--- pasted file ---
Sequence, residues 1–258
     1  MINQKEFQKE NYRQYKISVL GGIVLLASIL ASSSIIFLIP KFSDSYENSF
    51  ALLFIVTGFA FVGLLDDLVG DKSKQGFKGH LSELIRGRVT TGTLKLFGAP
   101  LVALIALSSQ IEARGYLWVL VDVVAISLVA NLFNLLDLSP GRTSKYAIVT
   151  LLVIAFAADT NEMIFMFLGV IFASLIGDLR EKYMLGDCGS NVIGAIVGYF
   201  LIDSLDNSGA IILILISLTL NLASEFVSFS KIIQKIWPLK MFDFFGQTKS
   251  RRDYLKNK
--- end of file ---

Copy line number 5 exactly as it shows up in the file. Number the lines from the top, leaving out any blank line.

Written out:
   151  LLVIAFAADT NEMIFMFLGV IFASLIGDLR EKYMLGDCGS NVIGAIVGYF